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BoB has a new feature, the Food Map of Beijing – a Google Map that plots every restaurant and market I’ve visited.

Now it’s easy to see what restaurants are near you – and just click on any tab to get a short description and link to the relevant post!

The map is a little Gulou-heavy, and biased towards Beijing’s northern half – I’ll be working on that over the next few months.

Without, I would be totally lost among the huge number of restaurants and cuisines on offer in Beijing. This post is aimed towards expats who know a little Chinese but need a little help navigating the site.

The effort is well worth it: Dianping offers a much more up-to-date and comprehensive guide than any English-language book or website out there.

So, first, go to

(if you read/write good “food Chinese,” you’re golden from here on. If you don’t, read the rest of the tutorial.)

You’ll see this homepage:

Make sure the top left corner, where you can see the “city” setting, is set to “Beijing,” or 北京站.

Next move your cursor over to the left-hand menu, and run it over the “food” or 美食 tab.

From top to bottom, left column first:
北京菜 = Beijing dishes (you’ll find roast duck, 烤鸭 here).
川菜 = Sichuanese
湖北 = Hubei
奥菜 = Cantonese (dim sum or 点心 is a sub-menu)
新疆/清真菜 = Xinjiang/halal
云南菜 = Yunnan
素材 = Vegetarian
海鲜 = Seafood
日本 = Japanese
东南亚菜 = Southeast Asian
自助餐 = Buffet
鲁菜 = Shandong
湘菜 = Hunan
江浙菜 = Jiangzhe
东北菜 = Dongbei
西北 = Xibei (“a hybrid of Mongolian and Shanxi fare” according to the NYT).
贵州 = Guizhou
火锅 = Hotpot
小吃快餐 = Snacks & fast food
韩国科理 = Korean
西餐 = Western food
面包甜点 = Bakeries & dessert

This time I picked “Western food.” Once you pick your cuisine, you’ll see a list of all such restaurants in Beijing. Don’t pay too much attention just yet. Look at the menus on the left:

The upper menu offers subdivisions. You won’t see this all the time, but “Western food” is a large category and has plenty of subdivisions. The top menu reads: French, Italian, Russian, American BBQ, Middle Eastern, steak, pizza, “simple” Western food (no idea) and “other.” If you’re wondering how to read this list, just copy anything you don’t understand into Google Translate.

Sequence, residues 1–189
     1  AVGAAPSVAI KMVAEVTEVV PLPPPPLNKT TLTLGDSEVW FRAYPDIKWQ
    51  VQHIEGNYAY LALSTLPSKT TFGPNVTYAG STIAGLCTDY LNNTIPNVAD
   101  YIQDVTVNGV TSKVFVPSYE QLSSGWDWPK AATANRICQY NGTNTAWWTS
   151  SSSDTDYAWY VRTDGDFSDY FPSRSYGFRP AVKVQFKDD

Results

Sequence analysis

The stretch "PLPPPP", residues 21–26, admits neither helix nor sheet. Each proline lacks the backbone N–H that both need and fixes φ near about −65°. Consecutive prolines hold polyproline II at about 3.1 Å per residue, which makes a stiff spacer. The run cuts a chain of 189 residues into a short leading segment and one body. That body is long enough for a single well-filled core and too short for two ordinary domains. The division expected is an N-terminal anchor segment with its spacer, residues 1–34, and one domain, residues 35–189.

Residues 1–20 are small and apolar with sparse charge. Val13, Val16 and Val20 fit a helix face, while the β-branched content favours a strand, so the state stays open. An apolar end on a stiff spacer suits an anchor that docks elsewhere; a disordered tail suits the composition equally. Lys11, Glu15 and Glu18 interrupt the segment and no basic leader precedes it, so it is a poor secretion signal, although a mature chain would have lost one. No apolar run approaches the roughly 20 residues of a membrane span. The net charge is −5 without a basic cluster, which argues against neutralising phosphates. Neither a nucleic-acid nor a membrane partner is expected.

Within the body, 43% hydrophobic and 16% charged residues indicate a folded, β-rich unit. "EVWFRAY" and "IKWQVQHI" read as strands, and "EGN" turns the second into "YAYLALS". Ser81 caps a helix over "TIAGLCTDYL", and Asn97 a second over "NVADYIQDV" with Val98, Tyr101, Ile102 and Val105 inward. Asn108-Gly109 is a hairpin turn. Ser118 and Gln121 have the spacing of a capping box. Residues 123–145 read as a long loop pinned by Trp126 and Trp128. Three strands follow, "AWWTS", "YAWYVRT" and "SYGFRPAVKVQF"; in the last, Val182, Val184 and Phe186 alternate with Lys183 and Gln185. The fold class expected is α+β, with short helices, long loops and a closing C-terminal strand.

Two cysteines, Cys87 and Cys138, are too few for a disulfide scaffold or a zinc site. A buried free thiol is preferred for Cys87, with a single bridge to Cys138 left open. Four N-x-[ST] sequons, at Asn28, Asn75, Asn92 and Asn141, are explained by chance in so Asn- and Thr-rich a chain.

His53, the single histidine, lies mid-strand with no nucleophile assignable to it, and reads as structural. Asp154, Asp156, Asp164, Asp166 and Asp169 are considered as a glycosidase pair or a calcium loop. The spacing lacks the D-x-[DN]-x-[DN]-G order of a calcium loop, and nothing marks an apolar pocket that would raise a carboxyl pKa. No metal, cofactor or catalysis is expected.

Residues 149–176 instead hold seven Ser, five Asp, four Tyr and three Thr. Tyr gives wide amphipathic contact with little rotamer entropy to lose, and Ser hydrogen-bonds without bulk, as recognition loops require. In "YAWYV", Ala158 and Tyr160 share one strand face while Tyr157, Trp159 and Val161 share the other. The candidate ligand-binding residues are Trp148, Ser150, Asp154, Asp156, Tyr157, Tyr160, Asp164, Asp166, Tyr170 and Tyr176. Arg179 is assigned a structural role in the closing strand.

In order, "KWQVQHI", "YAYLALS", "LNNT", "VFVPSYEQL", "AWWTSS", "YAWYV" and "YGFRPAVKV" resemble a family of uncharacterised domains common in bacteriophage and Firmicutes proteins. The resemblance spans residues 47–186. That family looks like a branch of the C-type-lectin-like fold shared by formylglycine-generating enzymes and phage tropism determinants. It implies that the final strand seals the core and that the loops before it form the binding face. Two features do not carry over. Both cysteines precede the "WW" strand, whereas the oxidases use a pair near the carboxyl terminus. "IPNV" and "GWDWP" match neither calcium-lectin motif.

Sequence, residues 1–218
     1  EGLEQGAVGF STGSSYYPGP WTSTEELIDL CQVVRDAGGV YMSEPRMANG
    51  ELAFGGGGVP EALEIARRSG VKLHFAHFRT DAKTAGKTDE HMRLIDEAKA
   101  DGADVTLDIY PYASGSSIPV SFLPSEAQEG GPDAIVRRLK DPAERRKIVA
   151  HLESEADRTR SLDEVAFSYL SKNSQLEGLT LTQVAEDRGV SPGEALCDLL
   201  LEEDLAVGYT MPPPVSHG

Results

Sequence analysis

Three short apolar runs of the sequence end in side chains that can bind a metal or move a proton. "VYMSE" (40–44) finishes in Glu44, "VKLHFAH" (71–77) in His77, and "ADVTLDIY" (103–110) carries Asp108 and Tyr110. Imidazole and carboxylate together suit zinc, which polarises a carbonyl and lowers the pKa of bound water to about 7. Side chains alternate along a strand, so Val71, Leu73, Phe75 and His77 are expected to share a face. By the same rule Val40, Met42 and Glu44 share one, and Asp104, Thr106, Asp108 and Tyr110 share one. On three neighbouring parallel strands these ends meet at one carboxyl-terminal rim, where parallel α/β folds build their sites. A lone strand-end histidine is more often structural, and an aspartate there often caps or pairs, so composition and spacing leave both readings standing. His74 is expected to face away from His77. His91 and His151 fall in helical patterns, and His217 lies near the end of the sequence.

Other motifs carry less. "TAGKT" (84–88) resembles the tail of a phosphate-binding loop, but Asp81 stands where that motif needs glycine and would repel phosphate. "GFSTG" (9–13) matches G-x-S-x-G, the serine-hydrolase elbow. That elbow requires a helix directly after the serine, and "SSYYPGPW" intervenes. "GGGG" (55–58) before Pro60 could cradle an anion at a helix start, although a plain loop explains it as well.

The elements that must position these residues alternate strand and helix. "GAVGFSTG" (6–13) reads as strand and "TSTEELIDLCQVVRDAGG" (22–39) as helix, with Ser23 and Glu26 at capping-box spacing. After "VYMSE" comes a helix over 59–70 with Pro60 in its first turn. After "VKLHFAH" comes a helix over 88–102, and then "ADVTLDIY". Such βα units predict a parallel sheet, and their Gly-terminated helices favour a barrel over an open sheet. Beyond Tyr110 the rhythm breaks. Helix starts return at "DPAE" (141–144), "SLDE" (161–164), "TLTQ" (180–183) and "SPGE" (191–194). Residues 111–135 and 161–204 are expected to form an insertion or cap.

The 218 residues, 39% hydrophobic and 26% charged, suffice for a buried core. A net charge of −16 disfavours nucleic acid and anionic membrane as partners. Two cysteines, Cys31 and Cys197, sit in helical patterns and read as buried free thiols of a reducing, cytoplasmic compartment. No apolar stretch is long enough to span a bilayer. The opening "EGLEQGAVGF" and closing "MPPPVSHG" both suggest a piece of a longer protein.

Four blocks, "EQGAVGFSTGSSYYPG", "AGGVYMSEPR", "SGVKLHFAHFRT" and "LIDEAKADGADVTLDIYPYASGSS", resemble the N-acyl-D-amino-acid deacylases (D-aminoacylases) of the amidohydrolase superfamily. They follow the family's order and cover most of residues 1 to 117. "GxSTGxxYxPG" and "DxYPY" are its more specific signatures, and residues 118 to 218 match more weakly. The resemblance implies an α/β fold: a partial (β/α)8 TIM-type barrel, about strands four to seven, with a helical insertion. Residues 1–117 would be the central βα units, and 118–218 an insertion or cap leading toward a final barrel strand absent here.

The next menu down is subdivision by area. You can use Google Maps, which has both Chinese characters and romanization, to figure out what your area is named.

Once you’ve chosen your settings (I went with Italian food and didn’t specify a location), you’ll see a proper list that accords with what you want.

Restaurants are listed, given an average price per person, and then ranked out of 30 on three measures: flavour, atmosphere and service. (see the rows of numbers to the right of the restaurant name). You want high ratings, usually 20-30. I’ve never seen a restaurant actually get a 30 on anything though.

Because flavour counts for me the most, I enter “25-30” in the two boxes at the right above the list and click on the “flavour,” 口味 button. That automatically gets me the highest-rated restaurants for flavour.

So! The best-tasting Italian restaurant in Beijing, according to Beijingers, is called “Kitchen Igosso.”

The restaurant’s page shows its ratings, some photos of the dishes customers ordered, and exact location and hours. (There’s a map, too; to manipulate it, just click the button I circled in red.)

For easy finding, copy and paste the address, (it’s whatever’s printed after “地址”, meaning address), print and show to a cab driver. Or plug that restaurant name into Google Maps Beijing.

I really have to try this Kitchen Igosso place!

Anyway, happy hunting!


A Canadian student eats her way through Beijing and writes between bites.


June 2020

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